One of my favorite ways to bring magic into my bath is to make salt scrub from infused oils. There are many recipes on line for salt scrubs, but I want to share with you a recipe for a purifying salt scrub that can be used as part of the ritual bath or shower, to strip away even negative energy and bring sweet clarity. This method takes some time, but the results are delightful. And this salt scrub in a pretty jar makes a lovely gift.
You will need:
- 1 part olive oil
- 2 parts sea salt, or a combination of sea salt and epsom salts
- Fresh evergreen foliage. My favorites are Douglas Fir and Western Redcedar, but you can use any evergreen that grows in your area.
- A glass bowl or large glass measuring cup
- A wooden spoon
- Two jars with tight seals
First, Make your infused oil:
Gather your evergreen foliage on a dry, clear afternoon when there hasn’t been any recent rain. If you’re working with the energy of the moon, harvest your foliage as the moon wanes. Use clean, sharp shears to cut small pieces from the trees. Take only what you need, and never enough to damage the tree. Don’t forget to ask permission, and leave an appropriate offering for the trees.
Bring the foliage home, cut into small pieces, and add to a very clean, dry jar. Keep your intention in mind as you fill the jar. Pour olive oil over the foliage to the top of the jar, poke out air bubbles with a skewer or chopstick, and allow to steep for two to six weeks. Place cleansing stones like clear quartz, selenite, and black tourmaline on and around your jar.
Check it every few days, poking out the air bubbles. Keep it out of direct sunlight. For more information on making infused oils, including trouble shooting, check out this article by Susun Weed.
If you wish to work with moon cycles, allow it to steep until the moon is waning again before straining and decanting. Once your infused oil is ready, strain it through several layers of cheese cloth or a non-reactive strainer. You can then store it in the refrigerator until you’re ready to make your salt scrub.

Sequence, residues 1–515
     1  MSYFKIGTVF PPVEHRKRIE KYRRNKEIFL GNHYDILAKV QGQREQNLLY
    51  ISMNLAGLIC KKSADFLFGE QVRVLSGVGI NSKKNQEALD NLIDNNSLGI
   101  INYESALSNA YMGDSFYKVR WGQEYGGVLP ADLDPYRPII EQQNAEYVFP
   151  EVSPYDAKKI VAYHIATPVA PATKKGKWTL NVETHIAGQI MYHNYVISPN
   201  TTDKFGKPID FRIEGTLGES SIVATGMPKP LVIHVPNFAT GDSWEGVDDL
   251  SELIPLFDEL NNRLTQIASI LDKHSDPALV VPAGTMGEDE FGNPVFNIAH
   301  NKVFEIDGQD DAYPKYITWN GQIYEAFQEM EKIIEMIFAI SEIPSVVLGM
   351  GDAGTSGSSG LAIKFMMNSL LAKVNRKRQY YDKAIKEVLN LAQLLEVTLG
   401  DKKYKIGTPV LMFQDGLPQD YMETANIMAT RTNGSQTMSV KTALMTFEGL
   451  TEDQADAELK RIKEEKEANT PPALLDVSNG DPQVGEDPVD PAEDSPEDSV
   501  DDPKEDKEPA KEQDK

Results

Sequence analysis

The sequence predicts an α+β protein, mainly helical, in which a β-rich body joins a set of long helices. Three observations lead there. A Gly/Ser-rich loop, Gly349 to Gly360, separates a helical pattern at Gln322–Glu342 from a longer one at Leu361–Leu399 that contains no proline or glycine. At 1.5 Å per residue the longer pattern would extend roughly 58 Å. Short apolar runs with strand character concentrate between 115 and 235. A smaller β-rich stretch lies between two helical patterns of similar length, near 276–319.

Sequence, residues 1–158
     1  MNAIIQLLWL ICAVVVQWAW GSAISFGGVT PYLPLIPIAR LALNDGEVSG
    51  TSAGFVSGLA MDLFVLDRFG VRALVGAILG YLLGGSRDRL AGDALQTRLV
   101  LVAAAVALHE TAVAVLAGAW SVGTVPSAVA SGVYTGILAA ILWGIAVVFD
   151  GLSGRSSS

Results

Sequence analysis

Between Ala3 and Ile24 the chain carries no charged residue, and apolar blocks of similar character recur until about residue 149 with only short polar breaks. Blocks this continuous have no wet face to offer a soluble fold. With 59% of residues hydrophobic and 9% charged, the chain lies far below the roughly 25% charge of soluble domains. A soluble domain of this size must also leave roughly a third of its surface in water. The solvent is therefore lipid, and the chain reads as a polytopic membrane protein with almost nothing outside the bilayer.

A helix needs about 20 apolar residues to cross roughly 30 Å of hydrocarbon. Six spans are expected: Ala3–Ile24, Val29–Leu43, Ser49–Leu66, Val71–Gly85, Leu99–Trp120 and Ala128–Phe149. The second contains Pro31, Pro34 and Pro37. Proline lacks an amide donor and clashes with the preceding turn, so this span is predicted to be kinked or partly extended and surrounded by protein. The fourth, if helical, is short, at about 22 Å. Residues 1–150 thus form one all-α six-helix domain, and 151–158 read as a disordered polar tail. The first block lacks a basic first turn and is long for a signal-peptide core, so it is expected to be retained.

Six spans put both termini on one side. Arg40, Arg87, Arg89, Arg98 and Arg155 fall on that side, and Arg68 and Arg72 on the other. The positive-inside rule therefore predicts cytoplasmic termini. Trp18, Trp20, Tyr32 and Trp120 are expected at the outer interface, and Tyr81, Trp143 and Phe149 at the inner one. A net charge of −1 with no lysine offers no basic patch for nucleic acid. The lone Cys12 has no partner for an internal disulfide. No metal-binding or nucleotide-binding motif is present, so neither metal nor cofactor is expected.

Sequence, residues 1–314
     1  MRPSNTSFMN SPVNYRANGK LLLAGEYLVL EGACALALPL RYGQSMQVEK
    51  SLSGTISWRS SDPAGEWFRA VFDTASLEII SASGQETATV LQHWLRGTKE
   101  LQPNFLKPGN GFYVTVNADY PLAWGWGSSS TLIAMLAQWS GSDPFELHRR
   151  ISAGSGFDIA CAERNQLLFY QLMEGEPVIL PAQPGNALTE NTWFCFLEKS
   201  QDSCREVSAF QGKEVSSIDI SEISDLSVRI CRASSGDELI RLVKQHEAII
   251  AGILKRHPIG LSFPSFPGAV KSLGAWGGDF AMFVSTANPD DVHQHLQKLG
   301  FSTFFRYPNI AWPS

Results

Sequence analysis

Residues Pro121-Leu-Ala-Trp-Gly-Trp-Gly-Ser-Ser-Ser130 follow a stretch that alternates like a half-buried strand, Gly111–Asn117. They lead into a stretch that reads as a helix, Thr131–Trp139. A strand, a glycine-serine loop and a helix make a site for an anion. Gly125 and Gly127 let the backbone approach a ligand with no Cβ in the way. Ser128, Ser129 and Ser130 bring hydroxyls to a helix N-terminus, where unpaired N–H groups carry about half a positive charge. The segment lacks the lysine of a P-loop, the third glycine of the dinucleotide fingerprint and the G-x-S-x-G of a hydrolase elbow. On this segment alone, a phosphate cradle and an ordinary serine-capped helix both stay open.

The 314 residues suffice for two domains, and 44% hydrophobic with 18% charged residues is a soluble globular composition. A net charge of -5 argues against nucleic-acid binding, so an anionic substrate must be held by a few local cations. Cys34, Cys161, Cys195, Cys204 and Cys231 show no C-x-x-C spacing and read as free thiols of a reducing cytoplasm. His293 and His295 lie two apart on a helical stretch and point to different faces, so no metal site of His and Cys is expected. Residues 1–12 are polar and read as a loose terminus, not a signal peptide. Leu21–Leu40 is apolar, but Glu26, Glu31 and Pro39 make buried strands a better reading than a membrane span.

Second, Make your Salt Scrub:
Pour your salt into a clean, dry bowl or large glass measuring cup.
Then add your fragrant infused oil a little at a time, stirring gently with a wooden spoon. Stir widdershins (counter-clockwise), with your non-dominant hand, for banishing negativity. As you stir, speak your intention that these bath salts will cleanse your body and spirit.
Keep adding oil and stirring it in until you achieve a texture similar to a snow cone. You will probably use about half as much oil as salt.
Spoon your finished salt scrub into a tightly sealed jar. Allow it to charge on your altar overnight with appropriate stones and sacred symbols.
Store your salts scrub out of direct sunlight. If you think it will take more than a few weeks to use it up, store it in the refrigerator.
Third, Use your Salt Scrub:
You can use your scrub in the shower or the bath. In the shower, get wet, then either turn off the taps or step out of the stream of water. Scoop some of the scrub out of the jar and scrub all over gently, using circular motions. Avoid sensitive areas and any scratches or cuts. Rinse your body, feeling the stress and negative energy draining away. (A note of caution: be careful, your tub may be very slippery from the oils in the scrub.)
In the bath, get yourself wet, then stand up (step out completely if you want to scrub your feet). Scrub all over as directed before, then climb back into the tub, letting all the delicious oil and salts float into your bath water. Now soak in your amazing herb bath and feel the stress and negative energy draining out of your body. (I recommend wearing your hair up for this bath, so it doesn’t end up all oily.)
A few notes on ingredients.
I am a firm believer in locally sourced ingredients, because they help me feel more rooted in my habitat, and because it’s better for the environment. For this reason, I use California olive oil and sea salt harvested at the Oregon Coast (affiliate link). I encourage you to do some research on the most sustainable, close-to-home options you can find for the ingredients in any spell.
I like using evergreens for this recipe because of their wild, ancient magic, but you could substitute rosemary, sage, or any other purifying herb if you like.
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